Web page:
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60. Life at Græfenberg - concluded.
65. Recent Decorative Art.
69. The Deserts of Africa.
70. Sigismund Temple - A Tale.
71. Electric Communications.
72. Fichte – A Biography.
73. Ancient Rites and Mysteries.
75. Harriette; or The Rash Reply.
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they were in the forms and ceremonies pertaining to each, may all be traced to a common origin in the constitution of the human mind. Natural religion is the manifestation of the sentiments of wonder and veneration, and the powerful manner in which these organs were acted upon in the early ages of the world led, in a manner perfectly natural and easily understood, to the formation of the mythologies which arose on the shores of the Ganges and the Nile, in the sunny vales of Greece, and among the snowy ridges of the Dofrefeld. The mind of man, in these ages, must be regarded as the mind of a child—infantile, undeveloped, untrained, and finding food for its wonder in everything of which it took cognisance, and objects for its veneration in everything which it could not comprehend. The wonders of the starry heavens, the continual succession of day and night, the phenomena of the revolving seasons, eclipses of the sun and moon; all made the same impression upon men's minds in those early ages as they do now upon the ductile and unformed mind of a child. To the first dwellers upon the earth all these things were as novel and as wondrous as they are to the child of two years old who beholds them for the first time, and they were as little able to understand them. Before they could do so in a correct and philosophical manner, mankind had to pass through the same phases of varying belief as the mind of the individual does in its progressive development from infancy to mature age. Those objects which most excited their wonder they soon came to regard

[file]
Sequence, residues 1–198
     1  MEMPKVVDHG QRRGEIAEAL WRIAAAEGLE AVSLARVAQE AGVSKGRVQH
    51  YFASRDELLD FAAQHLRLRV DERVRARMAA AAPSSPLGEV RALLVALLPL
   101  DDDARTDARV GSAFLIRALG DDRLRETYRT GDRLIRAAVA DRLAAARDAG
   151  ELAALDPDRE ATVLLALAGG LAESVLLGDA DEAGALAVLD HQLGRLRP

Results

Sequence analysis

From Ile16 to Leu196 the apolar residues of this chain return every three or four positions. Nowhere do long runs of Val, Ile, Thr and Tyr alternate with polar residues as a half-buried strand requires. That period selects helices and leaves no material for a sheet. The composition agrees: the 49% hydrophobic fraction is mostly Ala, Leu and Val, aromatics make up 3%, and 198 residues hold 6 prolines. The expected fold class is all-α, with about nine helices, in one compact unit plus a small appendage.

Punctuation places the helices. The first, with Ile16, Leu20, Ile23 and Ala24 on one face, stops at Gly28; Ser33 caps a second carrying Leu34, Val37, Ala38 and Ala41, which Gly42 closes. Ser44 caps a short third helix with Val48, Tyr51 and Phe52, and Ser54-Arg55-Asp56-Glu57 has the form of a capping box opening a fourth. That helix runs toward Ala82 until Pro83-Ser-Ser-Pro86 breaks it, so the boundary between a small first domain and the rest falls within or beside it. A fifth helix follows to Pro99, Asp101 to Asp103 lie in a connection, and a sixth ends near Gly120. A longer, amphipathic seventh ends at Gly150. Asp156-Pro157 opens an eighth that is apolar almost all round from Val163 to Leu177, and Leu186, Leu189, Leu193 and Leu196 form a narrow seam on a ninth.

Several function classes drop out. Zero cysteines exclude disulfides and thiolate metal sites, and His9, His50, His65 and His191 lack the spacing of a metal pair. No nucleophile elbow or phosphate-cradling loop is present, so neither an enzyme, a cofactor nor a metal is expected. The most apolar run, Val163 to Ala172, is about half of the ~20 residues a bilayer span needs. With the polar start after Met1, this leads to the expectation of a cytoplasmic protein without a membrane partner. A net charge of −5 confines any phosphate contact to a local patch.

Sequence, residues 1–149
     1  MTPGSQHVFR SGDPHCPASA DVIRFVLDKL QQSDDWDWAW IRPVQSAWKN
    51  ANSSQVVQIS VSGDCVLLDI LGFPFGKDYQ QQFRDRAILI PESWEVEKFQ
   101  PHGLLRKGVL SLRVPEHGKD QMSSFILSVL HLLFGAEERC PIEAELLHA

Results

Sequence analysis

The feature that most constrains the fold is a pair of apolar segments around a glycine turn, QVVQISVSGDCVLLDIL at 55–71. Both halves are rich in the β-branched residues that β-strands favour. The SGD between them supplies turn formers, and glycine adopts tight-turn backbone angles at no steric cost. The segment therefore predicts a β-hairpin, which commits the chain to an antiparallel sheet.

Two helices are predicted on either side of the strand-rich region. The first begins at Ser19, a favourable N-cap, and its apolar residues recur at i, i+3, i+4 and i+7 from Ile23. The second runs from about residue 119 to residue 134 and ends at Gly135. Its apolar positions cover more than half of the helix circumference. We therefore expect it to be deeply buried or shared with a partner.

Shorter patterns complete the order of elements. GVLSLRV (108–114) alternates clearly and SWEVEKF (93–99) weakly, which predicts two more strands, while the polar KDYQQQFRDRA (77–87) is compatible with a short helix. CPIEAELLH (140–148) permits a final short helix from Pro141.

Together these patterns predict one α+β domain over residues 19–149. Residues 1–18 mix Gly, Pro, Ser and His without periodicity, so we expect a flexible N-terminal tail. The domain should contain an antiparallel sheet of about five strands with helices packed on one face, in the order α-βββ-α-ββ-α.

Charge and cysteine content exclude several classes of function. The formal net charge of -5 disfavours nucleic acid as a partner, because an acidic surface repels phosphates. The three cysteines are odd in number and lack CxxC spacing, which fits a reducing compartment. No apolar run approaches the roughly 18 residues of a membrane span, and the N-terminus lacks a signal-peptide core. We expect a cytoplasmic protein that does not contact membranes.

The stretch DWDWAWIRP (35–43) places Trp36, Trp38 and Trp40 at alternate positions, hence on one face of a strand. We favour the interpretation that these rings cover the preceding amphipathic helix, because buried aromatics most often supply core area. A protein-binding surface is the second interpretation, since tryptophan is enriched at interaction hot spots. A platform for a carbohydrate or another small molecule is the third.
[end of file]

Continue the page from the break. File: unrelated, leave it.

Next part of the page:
No. 73. VOL. X.